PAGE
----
Most companies we see now are not just scientists or technicians. They have pulled in businesspeople to advise and assist them in understanding the overall market and potential strategies for getting to that market. First-time entrepreneurs are starting to hear that they have to have a good business - “ not just a good product - “ to be successful.

IVCA: The ITDA also helps established companies launch new divisions. How can the later-stage private equity community better get involved with that practice?
JN:
The ITDA assists established companies that have developed a technology with an application in a market different than the one in which they're established.

We work with them to determine if they want to keep that product line within the same company as a new division or spin it out. In most cases, the company will need outside capital in order to fully develop the technology into a commercial product and go to market. Later-stage private equity firms interested in funding new divisions should contact us and let us know the criteria needed for a potential investment.

While we are interested in providing deal flow to the venture community at all levels, we want to make sure to provide the right type of deal flow to the right investor. We understand how busy investors are and don't want to waste their time.

IVCA: How would you gauge the overall health of the technology industry in Illinois today?
JN:
I believe the overall health of the technology industry in Illinois is good but not as good as it could be. This is because there is no real reason to focus on implementing programs to build technology-based businesses. The Illinois economy is very diverse such that when one industry takes a hit another industry can cover for the fallout.

As a result, there is no perceived need to truly develop the industry into what it could be. With the great technical and business talent, research institutions and basic infrastructure, Illinois has the potential to be a real powerhouse in the technology industry. That potential will hopefully be acknowledged and realized in the near future.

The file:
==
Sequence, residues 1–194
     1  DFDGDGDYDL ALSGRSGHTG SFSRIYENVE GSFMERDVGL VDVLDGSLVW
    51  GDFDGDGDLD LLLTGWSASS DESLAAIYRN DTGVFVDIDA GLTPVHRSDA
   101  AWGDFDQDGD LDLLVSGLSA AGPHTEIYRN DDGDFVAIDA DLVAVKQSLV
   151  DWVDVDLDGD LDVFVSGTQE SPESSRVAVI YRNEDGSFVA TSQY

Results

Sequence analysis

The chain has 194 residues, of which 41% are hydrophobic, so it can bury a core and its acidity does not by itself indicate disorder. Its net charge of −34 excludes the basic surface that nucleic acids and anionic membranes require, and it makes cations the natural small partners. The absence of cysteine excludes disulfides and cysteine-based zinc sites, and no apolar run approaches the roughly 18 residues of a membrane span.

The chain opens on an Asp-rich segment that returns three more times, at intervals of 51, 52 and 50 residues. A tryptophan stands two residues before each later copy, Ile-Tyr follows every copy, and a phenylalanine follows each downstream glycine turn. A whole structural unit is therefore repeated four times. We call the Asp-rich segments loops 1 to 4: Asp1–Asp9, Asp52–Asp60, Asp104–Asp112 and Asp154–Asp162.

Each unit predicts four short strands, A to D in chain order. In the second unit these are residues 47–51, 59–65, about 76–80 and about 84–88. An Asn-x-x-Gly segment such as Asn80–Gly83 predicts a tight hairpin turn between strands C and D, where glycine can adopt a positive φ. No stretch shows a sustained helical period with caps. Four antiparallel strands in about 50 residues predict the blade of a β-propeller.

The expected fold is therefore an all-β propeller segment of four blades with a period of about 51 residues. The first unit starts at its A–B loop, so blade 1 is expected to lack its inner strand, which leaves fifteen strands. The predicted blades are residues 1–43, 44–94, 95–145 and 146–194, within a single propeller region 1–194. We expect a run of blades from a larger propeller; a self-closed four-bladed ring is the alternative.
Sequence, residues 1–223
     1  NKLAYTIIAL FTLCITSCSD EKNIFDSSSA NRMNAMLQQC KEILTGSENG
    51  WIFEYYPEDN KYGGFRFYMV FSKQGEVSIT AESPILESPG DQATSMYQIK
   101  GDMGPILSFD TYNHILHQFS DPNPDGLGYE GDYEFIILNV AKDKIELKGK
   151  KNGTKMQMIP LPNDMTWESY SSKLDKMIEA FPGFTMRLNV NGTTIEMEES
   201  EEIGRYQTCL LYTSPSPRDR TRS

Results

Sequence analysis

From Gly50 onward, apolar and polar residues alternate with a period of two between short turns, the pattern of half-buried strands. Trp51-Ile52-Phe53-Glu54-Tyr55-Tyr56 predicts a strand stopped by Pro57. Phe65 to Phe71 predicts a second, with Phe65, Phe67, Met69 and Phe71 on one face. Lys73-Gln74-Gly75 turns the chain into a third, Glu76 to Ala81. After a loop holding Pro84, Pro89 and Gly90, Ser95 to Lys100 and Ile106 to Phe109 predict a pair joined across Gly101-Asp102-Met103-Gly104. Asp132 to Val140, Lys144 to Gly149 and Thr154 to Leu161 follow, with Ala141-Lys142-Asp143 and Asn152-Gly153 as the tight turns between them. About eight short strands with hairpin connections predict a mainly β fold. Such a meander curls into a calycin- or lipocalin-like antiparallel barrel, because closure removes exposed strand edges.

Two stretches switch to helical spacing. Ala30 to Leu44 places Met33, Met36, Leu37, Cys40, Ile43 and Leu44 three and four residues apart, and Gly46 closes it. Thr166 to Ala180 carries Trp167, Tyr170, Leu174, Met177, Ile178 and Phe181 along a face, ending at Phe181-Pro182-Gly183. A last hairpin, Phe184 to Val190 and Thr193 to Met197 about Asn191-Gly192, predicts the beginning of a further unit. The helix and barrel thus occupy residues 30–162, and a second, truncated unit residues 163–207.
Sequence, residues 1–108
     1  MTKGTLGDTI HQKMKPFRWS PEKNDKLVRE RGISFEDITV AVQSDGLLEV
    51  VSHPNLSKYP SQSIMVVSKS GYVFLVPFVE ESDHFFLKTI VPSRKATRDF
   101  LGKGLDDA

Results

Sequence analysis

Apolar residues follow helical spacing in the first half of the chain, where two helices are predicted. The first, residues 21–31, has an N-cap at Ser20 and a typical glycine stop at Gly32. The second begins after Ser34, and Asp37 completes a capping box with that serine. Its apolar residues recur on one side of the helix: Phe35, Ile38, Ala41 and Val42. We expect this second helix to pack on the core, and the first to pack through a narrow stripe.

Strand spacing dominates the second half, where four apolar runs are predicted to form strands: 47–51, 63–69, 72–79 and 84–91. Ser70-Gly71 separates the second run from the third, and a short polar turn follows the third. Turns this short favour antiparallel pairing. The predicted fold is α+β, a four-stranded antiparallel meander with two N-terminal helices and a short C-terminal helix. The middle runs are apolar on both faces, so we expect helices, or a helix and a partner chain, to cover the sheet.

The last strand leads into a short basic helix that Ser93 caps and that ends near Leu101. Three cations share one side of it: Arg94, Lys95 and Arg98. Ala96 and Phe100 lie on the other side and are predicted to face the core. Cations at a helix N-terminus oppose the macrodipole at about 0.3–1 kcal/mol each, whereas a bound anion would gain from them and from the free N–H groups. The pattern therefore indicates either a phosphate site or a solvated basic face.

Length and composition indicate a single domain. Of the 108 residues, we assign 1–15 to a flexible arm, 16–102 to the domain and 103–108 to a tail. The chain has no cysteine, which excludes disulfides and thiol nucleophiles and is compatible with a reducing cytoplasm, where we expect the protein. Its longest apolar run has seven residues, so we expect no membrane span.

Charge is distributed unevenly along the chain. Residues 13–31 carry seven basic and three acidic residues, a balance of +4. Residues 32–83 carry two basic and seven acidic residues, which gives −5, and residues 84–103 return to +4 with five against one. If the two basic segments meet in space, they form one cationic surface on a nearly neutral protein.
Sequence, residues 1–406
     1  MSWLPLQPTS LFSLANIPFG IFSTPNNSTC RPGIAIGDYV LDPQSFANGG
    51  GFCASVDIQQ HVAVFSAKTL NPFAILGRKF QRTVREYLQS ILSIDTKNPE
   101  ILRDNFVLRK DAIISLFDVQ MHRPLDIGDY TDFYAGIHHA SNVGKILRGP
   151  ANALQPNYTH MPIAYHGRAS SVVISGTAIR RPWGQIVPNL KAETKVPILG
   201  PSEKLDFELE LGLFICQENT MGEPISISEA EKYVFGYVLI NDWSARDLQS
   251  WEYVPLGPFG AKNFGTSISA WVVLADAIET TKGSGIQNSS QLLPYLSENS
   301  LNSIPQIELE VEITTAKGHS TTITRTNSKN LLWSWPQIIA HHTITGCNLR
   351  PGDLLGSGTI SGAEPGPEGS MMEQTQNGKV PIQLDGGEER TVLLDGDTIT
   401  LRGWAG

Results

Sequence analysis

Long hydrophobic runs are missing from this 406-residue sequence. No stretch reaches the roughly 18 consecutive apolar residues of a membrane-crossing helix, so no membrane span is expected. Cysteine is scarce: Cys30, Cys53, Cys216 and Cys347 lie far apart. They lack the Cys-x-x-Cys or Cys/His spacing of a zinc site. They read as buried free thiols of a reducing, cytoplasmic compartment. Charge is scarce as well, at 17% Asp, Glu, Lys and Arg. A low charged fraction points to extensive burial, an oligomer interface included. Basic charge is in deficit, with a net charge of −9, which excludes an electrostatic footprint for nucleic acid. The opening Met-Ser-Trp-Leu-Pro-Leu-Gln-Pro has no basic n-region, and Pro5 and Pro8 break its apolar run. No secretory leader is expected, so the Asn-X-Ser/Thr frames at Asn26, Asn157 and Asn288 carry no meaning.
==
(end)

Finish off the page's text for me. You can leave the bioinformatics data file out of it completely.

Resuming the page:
IVCA: What predictions do you have one year out? Five years out?
JN:
The next year will show that the slowing economy will not have an impact on the quantity of early and seed-stage deal flow. In fact, the deal flow will most likely increase due to recently unemployed workers attempting to start their own businesses.

Five years out, I think we will see angel investors becoming much more organized and sophisticated as they gain experience in investing and improving their processes. As a result, the deal-flow quality will improve as these sophisticated angels advise more early stage companies.

IVCA: What philanthropic organizations does the ITDA support?
JN:
We support organizations that promote science and math literacy along with education. Some of these would be the Illinois Science Council, the Museum of Science & Industry, the Adler Planetarium and the Illinois Mathematics & Science Academy.

On a personal level, I have made some microfinance loans through Kiva. If you want to see entrepreneurship at its most fundamental level, check out http://www.kiva.org.

IVCA: What do you do for fun when you're not helping to grow technology-based businesses?
JN:
While growing technology-based businesses is fun, it can be time consuming. I have four children - “ ranging from four to 14 - “ so I spend most of my free time with them.

However, I am a home brewer. Whatever free time I have left I spend brewing my own beer. My latest batch was a Sierra Nevada porter. I think it turned out pretty well, but after three or four of them, nobody really cares.